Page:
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Out of Africa

Christina Iskandar talks to designer Helen Milne about life, love and her African heritage. Photo: Blamo

HELEN, describe your heritage and how the Milnes ended up in Africa.

My English grandmother’s family were some of the first white settlers in Zimbabwe in the late 1890s. She left Africa as a young woman, was married in the UK and with her new family returned to Zimbabwe years later – after WWII. My father, aged six, in tow.

He never left what he considered his true home. My mother’s family is of Greek descent but my mother was born in Egypt and moved to Zimbabwe when she was around 10. She’s never left her true home either.

What life lesson has growing up in Africa taught you?

I think the greatest gift I have been given this lifetime was growing up in Africa. It showed me first the wonders of nature and that there is definitely a wildness that pulsates through all Africans’ veins. It made me very resilient. Zimbabweans always “make a plan”.

We always had shortages of what you would consider to be basic commodities. You could not get petrol for quite a few months; there was no rain in my home town for three years … It always worked out though. Zimbabwe has had huge political turmoil and from having lived through that I realised at a very young age nothing is constant. You really have to simply enjoy the present moment.

What makes an African childhood so different?

I was one of the only white girls in my school. There weren’t enough classrooms so many times lessons were held under a tree. We lived in the city but my parents would spend every non-working minute in the bush. Our entertainment was nature. Life was one endless safari. Instead of the theatre we had game-watching in the evenings.

The sun would start to set and it was like the red velvet curtains opening at the theatre. All the animals would come down to drink and without fail the show would commence. Growing up in Africa, I think, things were a lot more simple and basic and we had a lot more freedom to just be children.

Where’s your place in Africa that depicts the poetry of the land?

I love Mosi-oa-Tunyaor – Victoria Falls. It is my favourite place on the planet. Its name means “the smoke that Thunders”.

What are you doing right now?

I am travelling through Europe for a couple of weeks, catching up with stockists, but most importantly with friends. Miss Milne opened in Jakarta in November so it is time to take a breath and get inspired by a road journey.

I am putting together ideas for the Summer 2016 Miss Milne collection, also working on project plans and range ideas for our Bali shop which is getting a little update in July. Every so often I need to remove myself and find some answers in the adventures.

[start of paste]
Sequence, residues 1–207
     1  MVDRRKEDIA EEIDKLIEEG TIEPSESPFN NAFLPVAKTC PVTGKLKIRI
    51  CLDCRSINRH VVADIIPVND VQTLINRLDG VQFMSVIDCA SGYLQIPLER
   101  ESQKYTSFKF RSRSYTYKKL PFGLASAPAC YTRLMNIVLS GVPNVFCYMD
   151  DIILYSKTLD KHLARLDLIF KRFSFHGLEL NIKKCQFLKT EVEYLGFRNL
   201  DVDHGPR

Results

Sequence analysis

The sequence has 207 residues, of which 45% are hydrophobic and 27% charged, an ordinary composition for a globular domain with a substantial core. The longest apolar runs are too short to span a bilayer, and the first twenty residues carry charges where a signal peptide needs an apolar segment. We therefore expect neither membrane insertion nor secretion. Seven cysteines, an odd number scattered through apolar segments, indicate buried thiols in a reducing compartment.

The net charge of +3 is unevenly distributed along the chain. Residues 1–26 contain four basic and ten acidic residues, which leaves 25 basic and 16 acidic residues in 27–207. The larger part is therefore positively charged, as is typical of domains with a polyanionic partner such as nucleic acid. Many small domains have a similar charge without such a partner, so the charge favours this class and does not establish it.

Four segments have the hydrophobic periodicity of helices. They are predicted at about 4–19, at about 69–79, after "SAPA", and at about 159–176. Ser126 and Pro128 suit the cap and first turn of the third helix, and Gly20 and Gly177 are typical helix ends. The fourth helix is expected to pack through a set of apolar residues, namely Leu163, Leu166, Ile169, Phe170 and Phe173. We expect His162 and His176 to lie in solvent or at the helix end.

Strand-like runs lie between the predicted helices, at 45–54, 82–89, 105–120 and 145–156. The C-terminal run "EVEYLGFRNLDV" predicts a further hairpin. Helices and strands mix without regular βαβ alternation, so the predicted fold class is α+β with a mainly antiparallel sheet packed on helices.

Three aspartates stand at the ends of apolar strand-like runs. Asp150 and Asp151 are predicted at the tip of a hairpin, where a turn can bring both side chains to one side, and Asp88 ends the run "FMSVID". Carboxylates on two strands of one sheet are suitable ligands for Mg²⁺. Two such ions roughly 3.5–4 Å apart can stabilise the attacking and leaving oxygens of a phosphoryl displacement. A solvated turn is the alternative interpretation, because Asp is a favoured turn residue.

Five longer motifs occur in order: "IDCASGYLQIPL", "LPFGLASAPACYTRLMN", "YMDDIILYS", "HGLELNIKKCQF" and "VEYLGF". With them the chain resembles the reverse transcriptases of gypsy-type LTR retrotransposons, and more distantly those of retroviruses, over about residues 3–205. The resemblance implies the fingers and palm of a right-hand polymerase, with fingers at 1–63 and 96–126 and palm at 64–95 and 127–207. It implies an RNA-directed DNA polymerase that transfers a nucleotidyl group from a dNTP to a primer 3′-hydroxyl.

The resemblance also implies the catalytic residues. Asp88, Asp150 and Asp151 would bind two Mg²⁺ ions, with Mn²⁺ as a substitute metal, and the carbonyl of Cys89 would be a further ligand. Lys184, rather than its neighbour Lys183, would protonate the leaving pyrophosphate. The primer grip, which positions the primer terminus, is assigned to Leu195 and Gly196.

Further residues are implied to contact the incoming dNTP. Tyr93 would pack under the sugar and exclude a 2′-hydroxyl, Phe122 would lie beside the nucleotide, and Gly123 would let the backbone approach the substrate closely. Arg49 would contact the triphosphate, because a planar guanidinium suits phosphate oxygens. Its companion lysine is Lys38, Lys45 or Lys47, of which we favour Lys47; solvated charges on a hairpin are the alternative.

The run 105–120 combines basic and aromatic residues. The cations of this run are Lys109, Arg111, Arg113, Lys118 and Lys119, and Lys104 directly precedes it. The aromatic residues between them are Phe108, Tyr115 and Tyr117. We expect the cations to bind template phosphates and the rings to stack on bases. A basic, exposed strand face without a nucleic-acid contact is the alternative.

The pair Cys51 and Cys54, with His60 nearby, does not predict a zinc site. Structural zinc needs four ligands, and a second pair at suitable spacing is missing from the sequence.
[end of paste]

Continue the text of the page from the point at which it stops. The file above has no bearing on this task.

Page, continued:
Who do you miss?

My Father. He passed away five years ago … I miss him dearly.

What designer would you take to dinner and what would you ask them?

There is a long list of designers I admire and would love to meet. I once met Elber Albazand and asked him if he still gets nervous putting out a new collection after having so many under his belt. He answered: “My dear, it is because I have put so many out that I get nervous. In life now you can buy everything but there are only two things you cannot buy, you have to develop them – one is muscles and the other is talent. They have to be worked on continuously.” I loved that.

Another is Dries van Noten. I went to an exhibition of his at le Musée Art Décoratif de Paris last May and his work always blows my mind. Van Noten has been entirely self-financed since the beginning of his career, which is always my biggest challenge. I’d certainly appreciate some tips on overcoming the financial hurdles that all independent startups incur.

What would make you throw your lover out?

My lover is a real gent; he would have to do something very out of his character to warrant that kind of action.

What defines love?

I think love is a passion in your life. Real love truthfully sees the flaws – and still really loves fully. Love is constantly changing and we have to continue to fall back into love, we should climb into love not fall into love!

What song do you play first thing Sunday morning.

At the moment I’m listening to an album called Trouble Will Find Me by The National. Love the name! On Sunday mornings I might play something like Francois Hardy, or the Apparat album Krieg und Frieden – perfect for Sunday morning. Yann Tiersen; Chilly Gonzales; Vivaldi … for a more rock and roll Sunday, All Along the Watch Tower by Jimi Hendrix.

Where will your ashes rest?

Long story short, I think my heart will always belong in Zimbabwe alongside my family, but I would not mind being in the ocean either. The sea has always felt like home to me.

Never forget what?

A bank card (preferably overflowing with funds … then a bottle of Tam Dao, the perfume I have worn every day for the past 12 years … and a smile. A smile gets you through all sorts of things.


My Bali